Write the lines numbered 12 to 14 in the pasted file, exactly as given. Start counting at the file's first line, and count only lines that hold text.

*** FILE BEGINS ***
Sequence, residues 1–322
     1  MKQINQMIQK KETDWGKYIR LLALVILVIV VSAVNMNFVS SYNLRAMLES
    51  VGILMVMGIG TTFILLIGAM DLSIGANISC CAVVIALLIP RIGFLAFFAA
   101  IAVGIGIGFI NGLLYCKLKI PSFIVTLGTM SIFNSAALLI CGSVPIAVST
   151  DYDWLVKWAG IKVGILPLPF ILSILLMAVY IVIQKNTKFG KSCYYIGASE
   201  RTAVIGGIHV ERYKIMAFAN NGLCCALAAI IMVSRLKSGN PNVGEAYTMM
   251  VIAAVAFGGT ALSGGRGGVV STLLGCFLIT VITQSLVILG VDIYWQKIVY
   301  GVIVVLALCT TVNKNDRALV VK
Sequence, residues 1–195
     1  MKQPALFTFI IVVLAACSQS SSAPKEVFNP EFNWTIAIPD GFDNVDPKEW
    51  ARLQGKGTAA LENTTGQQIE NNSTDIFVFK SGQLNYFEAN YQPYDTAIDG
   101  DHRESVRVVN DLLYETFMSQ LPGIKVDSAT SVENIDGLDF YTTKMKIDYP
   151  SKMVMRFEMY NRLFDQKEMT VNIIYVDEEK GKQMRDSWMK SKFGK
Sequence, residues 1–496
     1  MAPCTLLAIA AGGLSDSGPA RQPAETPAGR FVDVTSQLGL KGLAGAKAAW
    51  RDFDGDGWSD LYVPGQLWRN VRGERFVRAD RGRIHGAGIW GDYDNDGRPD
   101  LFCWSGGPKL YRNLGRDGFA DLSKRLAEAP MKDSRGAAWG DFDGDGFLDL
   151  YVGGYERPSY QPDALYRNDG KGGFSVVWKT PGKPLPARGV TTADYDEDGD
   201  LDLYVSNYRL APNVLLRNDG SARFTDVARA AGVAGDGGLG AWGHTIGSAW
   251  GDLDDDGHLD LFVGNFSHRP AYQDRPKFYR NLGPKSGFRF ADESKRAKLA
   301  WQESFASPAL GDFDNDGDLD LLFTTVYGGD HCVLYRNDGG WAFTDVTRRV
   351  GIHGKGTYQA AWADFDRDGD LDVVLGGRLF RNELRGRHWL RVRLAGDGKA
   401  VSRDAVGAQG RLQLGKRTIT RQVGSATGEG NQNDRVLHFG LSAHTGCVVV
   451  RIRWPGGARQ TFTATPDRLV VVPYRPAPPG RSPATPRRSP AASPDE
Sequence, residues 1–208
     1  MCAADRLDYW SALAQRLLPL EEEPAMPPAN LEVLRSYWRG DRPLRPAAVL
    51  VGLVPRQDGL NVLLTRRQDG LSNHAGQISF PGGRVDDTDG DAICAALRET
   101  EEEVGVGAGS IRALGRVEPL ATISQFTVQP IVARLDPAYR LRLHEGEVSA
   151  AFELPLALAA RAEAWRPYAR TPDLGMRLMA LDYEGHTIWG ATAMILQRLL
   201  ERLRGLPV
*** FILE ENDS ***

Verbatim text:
   101  DHRESVRVVN DLLYETFMSQ LPGIKVDSAT SVENIDGLDF YTTKMKIDYP
   151  SKMVMRFEMY NRLFDQKEMT VNIIYVDEEK GKQMRDSWMK SKFGK
Sequence, residues 1–496